Winter is serious business in some parts of our country. We have already had some rude treatment with dangerous ice and heavy snow this season, and when the weather is severe, having evergreen plants in the landscape may not be on our shopping list of immediate needs. Yet we have also just celebrated several religious and cultural holidays in which decorations made of evergreens play an important role. Mistletoe, holly, fir, pine, cedar and laurel are customary trimmings for mantles, doorways, stair railings, tabletops and centerpieces. The presence of these evergreens cheers us with rich color and scent, and the dramatic leaf textures make for mesmerizing shadow play with candle and fire light.
Being able to fulfill your customer’s needs in a way that is compatible and complimentary to the surrounding environment is crucial to the overall success of the landscape. A shady back yard on the north side of the house requires different plants than a south-facing front yard. Also, the location of utility lines (above and below ground) and buildings need to be considered. Trees reaching 30 feet or taller should never be planted under utility lines and large trees should be at least 25 feet from homes and other structure (roots need space). Even with these restrictions, there are many possibilities for any given area than there are designers in your city. Plants come in all sizes, forms, textures and colors, and your biggest problem will likely be narrowing the list down rather than running out of choices. (In the rare instance where there is no compatible plant for a certain location, there are numerous hardscape solutions.)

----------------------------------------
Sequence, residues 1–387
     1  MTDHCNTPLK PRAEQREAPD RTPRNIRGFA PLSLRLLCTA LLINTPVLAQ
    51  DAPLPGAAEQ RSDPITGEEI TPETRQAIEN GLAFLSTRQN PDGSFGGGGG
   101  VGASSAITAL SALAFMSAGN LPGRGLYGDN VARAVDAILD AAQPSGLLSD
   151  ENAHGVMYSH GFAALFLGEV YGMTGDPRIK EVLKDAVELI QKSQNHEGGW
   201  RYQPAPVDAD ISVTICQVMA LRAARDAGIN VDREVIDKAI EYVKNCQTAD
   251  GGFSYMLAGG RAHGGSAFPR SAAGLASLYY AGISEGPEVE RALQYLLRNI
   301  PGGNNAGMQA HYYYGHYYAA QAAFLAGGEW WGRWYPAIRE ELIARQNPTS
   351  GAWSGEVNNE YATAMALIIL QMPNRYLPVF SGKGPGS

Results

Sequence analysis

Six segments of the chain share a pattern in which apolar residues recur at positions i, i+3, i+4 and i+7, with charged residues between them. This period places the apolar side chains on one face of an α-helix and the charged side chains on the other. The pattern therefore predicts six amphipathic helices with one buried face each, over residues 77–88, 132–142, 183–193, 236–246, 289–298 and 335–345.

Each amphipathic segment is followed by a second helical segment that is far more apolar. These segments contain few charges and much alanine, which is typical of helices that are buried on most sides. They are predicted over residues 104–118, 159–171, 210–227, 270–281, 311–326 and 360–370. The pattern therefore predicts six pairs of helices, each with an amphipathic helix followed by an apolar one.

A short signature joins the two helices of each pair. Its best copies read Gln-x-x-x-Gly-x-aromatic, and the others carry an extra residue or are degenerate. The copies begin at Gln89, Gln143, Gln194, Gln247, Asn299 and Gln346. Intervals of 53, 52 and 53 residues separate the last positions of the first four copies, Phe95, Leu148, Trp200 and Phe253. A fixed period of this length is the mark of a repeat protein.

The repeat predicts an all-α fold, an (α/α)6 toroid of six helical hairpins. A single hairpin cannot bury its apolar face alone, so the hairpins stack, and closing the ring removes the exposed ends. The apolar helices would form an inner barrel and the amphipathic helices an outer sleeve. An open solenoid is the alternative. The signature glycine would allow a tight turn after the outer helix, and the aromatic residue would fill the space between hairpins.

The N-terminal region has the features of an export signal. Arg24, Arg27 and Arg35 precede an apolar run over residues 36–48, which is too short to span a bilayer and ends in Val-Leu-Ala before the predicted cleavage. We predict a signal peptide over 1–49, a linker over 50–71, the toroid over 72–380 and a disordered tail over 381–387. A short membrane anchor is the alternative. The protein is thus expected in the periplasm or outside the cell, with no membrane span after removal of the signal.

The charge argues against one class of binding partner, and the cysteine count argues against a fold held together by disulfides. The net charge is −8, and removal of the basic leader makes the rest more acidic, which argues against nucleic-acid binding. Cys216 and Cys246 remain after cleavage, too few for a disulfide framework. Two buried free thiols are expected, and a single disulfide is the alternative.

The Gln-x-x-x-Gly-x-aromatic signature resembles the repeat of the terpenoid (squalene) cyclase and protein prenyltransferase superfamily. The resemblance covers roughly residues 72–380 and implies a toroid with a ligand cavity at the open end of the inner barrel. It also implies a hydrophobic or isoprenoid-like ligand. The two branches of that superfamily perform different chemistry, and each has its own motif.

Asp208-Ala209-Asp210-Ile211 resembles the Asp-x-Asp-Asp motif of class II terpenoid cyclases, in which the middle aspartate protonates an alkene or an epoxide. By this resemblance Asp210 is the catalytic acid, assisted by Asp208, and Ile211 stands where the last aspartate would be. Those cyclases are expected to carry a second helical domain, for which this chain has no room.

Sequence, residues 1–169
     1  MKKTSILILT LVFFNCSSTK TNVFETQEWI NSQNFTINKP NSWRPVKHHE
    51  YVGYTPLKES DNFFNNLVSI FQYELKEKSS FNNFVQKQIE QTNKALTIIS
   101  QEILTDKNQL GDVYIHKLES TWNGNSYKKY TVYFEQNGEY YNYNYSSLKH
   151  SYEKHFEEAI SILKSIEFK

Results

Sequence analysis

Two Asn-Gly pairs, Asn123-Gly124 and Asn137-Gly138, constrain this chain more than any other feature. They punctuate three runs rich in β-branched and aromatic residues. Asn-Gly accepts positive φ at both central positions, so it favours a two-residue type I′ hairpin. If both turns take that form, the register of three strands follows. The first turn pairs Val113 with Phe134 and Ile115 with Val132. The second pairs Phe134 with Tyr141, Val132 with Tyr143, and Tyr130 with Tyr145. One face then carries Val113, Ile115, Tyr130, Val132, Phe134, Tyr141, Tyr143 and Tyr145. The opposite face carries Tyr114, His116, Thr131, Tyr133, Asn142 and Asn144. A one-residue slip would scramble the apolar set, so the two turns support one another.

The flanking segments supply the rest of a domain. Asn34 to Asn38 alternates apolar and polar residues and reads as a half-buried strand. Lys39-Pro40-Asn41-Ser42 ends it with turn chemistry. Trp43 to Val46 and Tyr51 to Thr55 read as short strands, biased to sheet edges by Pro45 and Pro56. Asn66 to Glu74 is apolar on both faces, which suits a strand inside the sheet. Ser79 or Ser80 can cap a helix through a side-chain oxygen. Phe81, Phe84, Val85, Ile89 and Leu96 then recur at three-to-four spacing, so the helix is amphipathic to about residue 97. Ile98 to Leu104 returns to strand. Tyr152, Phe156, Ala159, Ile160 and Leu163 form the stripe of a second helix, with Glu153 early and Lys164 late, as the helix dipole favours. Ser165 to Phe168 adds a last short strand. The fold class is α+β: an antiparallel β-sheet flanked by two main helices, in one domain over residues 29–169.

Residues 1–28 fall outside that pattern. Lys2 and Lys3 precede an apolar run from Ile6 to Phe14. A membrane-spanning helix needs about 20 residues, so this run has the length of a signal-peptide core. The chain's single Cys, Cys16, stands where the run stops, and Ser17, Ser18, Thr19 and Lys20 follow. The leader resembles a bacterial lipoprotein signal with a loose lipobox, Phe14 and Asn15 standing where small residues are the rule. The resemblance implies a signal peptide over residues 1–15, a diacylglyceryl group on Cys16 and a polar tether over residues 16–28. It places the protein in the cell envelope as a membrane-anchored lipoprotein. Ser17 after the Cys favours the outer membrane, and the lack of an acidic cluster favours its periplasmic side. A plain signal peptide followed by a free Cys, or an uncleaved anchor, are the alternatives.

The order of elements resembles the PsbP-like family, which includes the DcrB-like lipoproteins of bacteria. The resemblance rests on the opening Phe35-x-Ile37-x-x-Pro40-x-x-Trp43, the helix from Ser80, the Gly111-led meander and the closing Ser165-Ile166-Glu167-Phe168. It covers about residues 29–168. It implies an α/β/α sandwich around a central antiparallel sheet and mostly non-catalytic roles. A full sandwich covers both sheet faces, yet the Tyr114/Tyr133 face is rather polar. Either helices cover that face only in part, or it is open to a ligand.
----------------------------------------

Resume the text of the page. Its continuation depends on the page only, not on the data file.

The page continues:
White grubs are the larvae of adult scarab beetle species. The most commonly occurring grubs in lawns are Japanese beetles, Oriental beetles, green June beetles, European chafers, northern and southern masked chafers and black turfgrass ataenius. There are, however, up to 200 total types of beetles that produce white grubs as their immature offspring.
Landscape professionals who properly care for their machines can potentially save hundreds of dollars and increase productivity, said Paul Jurgens, director of customer service for Exmark. “Time and time again, I see people who were trying to pinch pennies on maintenance or cheap parts end up having to buy a replacement engine for their mower,” said Jurgens. “Most of the time, it can be avoided.”